What is Gonorrhea?
Gonorrhea is a bacterial infection caused by the bacterium
Neisseria Gonorrhoeae. This bacterium grows and multiplies easily
in the warm, moist areas of the reproductive tract, including the
cervix, uterus, and fallopian tubes in women, and in the urethra in
both women and men. Gonorrhea is a very common infectious disease.
The CDC estimates that more than 800,000 persons in the United
States get new Gonorrhea infection each year.
What are Symptoms?
If symptoms occur, they usually appear two to five days after
infection, but can take as long as 30 days to appear. Most women
who are infected with gonorrhea have no symptoms. When symptoms do
occur, they include a painful or burning sensation when urinating,
increased vaginal discharge, pain during intercourse and/or vaginal
bleeding between periods.
Some men with gonorrhea may have no symptoms at all. If a man does
have symptoms, they may include a burning sensation when urinating,
a white or yellow discharge from the penis, or itching and redness
at the tip of the penis. Rarely, men with gonorrhea get painful or
Complications of Untreated Infection
In women, an untreated infection can spread into the uterus or
fallopian tubes and cause pelvic inflammatory disease (PID). It can
cause permanent damage to the fallopian tubes, uterus, and
surrounding tissues. The damage can lead to chronic pelvic pain,
infertility, and potentially fatal ectopic pregnancy (pregnancy
outside the uterus).
In pregnant women, the infection may be given to the baby when
passing through the birth canal during delivery. This can cause
blindness, joint infection, or a life-threatening blood infection
in the baby.
In men, gonorrhea can cause Epididymitis, a painful condition of
the ducts attached to the testicles that can lead to
Rarely, untreated gonorrhea can spread through the blood to the
joints in both men and women. This can cause an inflammation of the
joints which is very serious. In addition, individuals with
gonorrhea can more easily contract HIV if exposed.
How is gonorrhea transmitted?
Gonorrhea is spread through contact with the penis, vagina, mouth,
or anus. Ejaculation does not have to occur for gonorrhea to be
transmitted or acquired. Gonorrhea can also be spread from mother
to baby during delivery.
People who have had gonorrhea and received treatment may get
infected again if they have sexual contact with a person infected
The Nucleic Acid Amplification Test (NAAT) is a simple urine test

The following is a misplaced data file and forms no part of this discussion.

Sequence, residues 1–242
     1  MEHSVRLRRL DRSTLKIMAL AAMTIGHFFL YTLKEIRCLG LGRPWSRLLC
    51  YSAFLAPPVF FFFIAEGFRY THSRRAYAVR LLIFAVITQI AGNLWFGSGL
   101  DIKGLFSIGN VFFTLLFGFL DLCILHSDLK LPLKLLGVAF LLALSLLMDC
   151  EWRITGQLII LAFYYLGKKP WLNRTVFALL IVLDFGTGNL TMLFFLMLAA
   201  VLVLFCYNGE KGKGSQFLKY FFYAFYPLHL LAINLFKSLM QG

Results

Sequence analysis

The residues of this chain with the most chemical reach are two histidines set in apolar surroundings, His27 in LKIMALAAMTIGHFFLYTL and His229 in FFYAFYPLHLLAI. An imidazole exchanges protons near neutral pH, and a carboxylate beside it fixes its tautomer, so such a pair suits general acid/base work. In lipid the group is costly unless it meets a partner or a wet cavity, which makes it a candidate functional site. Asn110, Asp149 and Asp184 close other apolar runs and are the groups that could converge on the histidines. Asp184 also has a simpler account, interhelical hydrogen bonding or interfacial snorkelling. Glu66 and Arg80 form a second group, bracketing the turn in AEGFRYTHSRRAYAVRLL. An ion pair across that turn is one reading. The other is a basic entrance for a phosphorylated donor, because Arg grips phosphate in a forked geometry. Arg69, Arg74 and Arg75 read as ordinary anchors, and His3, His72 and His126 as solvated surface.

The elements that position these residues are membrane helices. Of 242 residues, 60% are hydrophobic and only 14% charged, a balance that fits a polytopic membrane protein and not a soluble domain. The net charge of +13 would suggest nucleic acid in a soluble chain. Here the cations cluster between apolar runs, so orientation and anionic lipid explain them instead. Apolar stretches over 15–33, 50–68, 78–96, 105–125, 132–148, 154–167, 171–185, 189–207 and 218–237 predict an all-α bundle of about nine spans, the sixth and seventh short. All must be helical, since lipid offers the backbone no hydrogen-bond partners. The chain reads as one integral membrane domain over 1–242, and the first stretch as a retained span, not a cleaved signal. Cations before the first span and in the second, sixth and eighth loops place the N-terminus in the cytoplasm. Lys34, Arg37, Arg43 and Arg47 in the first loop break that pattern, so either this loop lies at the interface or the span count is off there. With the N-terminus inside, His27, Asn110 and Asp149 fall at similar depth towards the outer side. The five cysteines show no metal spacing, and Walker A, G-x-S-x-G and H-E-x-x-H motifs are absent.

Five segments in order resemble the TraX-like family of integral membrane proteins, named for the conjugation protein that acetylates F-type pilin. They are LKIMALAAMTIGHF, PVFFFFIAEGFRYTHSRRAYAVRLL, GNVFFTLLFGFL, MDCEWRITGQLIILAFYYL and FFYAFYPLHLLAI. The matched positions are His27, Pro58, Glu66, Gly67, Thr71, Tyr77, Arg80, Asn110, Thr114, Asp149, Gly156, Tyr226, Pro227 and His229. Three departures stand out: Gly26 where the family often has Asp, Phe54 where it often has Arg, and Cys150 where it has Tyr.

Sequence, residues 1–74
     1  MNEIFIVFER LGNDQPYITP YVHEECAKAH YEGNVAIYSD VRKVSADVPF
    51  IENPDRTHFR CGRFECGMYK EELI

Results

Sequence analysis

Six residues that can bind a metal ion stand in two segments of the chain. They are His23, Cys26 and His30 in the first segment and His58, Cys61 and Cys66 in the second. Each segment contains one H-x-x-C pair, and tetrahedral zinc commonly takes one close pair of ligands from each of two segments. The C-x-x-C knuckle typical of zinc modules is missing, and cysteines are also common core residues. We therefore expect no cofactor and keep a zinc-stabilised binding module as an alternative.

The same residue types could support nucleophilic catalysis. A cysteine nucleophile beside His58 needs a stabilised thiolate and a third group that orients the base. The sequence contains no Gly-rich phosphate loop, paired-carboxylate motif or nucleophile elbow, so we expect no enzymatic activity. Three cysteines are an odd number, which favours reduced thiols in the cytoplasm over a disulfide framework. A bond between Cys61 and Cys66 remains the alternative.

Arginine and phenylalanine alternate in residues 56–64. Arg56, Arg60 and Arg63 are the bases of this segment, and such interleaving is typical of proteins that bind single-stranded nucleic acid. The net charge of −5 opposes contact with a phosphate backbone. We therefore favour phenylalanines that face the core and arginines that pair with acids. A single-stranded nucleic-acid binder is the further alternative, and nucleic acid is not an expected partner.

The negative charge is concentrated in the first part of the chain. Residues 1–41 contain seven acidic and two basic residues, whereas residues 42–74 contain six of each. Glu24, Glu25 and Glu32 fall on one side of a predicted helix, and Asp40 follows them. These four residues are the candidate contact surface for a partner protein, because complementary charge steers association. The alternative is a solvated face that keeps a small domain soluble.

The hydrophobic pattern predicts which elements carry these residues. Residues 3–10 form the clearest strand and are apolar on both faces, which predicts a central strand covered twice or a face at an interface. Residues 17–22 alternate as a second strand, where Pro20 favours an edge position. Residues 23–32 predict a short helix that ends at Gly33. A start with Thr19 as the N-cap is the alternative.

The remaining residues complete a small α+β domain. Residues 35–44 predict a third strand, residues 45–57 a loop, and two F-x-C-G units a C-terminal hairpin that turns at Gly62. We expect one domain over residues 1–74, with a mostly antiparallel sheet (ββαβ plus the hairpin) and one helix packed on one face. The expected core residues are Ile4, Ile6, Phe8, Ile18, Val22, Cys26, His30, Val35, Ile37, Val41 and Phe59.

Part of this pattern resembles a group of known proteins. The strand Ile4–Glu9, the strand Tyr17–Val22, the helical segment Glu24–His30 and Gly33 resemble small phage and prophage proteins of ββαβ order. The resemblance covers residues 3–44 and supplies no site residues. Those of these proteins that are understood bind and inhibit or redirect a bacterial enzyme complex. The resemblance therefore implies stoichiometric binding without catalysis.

used to detect the gonorrhea bacterium. The urine test has been
proven to be more accurate than the swab, which requires a pelvic
exam for women and a urethral swab for men. The urine test is also
painless and non-invasive, unlike the swab. First morning urine is
recommended for this test, but the specimen is acceptable if the
patient has not urinated for at least 1½ to 2 hours before it is
collected. It is very important that first void urine (the first
part of the urine stream) be collected for the specimen. It is
recommended that the test be taken at least 5 to 7 days after a
contact of concern, although many individuals with gonorrhea will
have positive results within 3 or 4 days of infection.
Gonorrhea is a bacterial infection that can be cured with
antibiotics. Several different antibiotics can be prescribed, such
as, suprax, rocephin, ofloxacin, cefixine, ceftriaxone,
tetracycline, ciprofloxacin(cipro), penicillin. Upon beginning
antibiotics, the infection is usually cured in about 10 to 14 days.
It is always a good idea to repeat the gonorrhea test in order to
ensure the infection has in fact been cured.
Is there a cure for gonorrhea?
Yes. Gonorrhea is easily cured with antibiotics, and if caught
early, it is usually cured with a single dose. If untreated,
gonorrhea can cause serious health issues in both men and
Should I repeat testing after I have taken my full dose
of antibiotics just to be sure I'm cured?
It is a good idea to take a second test after the antibiotics have
been taken entirely. If for any reason the bacterium remains in the
body after treatment, you will be susceptible to the damage it can
do and you can also transmit gonorrhea to others.
If I am positive for gonorrhea, does my partner need to
Yes. You must make sure your partner is tested and treated
appropriately. In fact, if you have gonorrhea, talk with all of
your sexual partners. They should get tested and treated for
gonorrhea, even if they don't have any symptoms. Also avoid sexual
contact until you and your partner(s) have been treated and
After I'm treated for gonorrhea and it is cured, can I
get it again?
Yes. Being treated for gonorrhea doesn't give you immunity to it.
You can always be re infected with gonorrhea if you are exposed